Mr. Doodle

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When most people buy a new home, they might renovate the bathroom … or repaint a few walls. But Sam Cox (aka Mr. Doodle) had other plans. With around 240 gallons of white paint, 401 cans of black spray paint, 286 bottles of black drawing paint, and 2,296 pen nibs, the British artist spent two years covering everything in his $1.5 million Kent, England mansion in black and white doodles. And we mean everything.

Cox, 28, began his ambitious art project in 2020, starting with his bedroom. The idea has long been a childhood dream, Cox explained on Instagram.

“I’d like to thank my Mum and Dad because ever since they let me draw over my bedroom walls when I was a kid I have wanted to live in a property completely covered in characters of my own creation,” Cox wrote.

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In a stop-motion animation of the project, which Cox says took 1,857 photographs, viewers can see how thoroughly the artist transformed his 13-room house into a canvas. His black and white “graffiti spaghetti” even took over the toilet, microwave, and stove, which Cox admits might not work anymore.

“I want my work to consume as much of the planet as it can,” Cox told the Financial Times last year.

In interviews, Cox says he’s been influenced by popular artists like Banksy and Keith Haring, the second of which he says “is probably the biggest artist that’s done anything in the realm of what I’ve done.”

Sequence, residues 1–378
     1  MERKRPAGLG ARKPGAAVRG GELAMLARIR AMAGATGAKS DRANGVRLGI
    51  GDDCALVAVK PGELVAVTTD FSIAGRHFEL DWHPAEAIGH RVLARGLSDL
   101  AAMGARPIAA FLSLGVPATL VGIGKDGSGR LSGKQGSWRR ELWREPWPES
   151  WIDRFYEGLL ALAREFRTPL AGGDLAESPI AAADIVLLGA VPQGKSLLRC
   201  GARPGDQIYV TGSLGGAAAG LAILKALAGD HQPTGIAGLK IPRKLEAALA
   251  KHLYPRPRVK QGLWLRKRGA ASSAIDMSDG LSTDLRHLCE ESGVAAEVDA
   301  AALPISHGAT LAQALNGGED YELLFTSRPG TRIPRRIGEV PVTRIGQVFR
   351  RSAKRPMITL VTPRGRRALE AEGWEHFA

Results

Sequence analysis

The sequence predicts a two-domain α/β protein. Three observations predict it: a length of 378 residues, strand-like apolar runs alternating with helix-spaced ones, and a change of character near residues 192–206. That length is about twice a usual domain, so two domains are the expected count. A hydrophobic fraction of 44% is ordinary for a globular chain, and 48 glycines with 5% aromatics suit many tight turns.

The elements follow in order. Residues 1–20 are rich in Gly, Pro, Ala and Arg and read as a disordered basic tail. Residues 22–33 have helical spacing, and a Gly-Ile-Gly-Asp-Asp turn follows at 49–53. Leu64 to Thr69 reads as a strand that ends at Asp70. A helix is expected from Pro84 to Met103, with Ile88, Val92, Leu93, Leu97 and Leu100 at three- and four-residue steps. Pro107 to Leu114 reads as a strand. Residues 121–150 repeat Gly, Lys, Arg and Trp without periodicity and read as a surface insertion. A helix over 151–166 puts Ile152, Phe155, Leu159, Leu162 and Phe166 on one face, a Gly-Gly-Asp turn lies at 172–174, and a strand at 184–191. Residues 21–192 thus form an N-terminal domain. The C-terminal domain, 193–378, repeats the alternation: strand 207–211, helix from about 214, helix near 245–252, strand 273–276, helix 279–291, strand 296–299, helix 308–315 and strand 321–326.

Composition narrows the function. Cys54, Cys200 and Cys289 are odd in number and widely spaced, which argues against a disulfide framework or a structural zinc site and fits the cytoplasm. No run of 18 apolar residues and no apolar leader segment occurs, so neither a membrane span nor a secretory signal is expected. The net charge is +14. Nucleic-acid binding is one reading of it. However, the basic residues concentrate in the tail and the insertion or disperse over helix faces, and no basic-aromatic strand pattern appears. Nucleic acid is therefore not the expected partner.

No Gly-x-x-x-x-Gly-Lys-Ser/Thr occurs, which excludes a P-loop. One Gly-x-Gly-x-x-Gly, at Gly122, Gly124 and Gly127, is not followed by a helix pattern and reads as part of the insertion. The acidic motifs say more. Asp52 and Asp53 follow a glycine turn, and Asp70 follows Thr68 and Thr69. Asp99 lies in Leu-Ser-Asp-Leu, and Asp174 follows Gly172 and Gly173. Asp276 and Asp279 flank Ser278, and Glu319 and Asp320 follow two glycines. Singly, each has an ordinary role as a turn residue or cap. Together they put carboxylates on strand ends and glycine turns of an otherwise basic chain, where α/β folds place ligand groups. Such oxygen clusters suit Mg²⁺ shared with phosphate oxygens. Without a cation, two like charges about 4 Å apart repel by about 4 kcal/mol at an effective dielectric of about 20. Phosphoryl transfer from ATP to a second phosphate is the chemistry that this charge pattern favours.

The difference between their styles — as Cox readily admits — is that his work isn’t as political as Haring’s oeuvre, which includes pieces like “Crack is Whack” and “Silence=Death.” Instead, Cox says he aspires to create a “happy visual language that everyone around the world can enjoy and feel involved in.”

The British artist has reached a global audience on social media, where he has amassed millions of followers since he started posting videos of his house project in 2020. A video of Cox’s most recent endeavor racked up more than 7 million views on TikTok, making it one of his most popular videos.

And as Cox’s popularity has soared so have the prices of his work.

Despite never showing in a gallery, Cox’s green and black canvas “Spring” fetched $1 million at auction in 2020, putting Mr. Doodle among the top-selling artists under 40.

But not everyone likes Cox’s maximalist style, especially when it comes to his doodle-covered home.

“Living in this house for 24 hours would likely drive a person insane,” one Twitter user wrote.

“This type of stuff, while impressive, is an overstimulating nightmare for me,” another user added.

While Cox’s house might be a nightmare to some, he and his wife Alena plan to live in their doodled home — squiggles and all.

“I’m pretty committed to staying in it,” he told the Washington Post. “We really like where we live, and we’re really happy being in the home. We want it to stay doodled … We think it’s really fun.”

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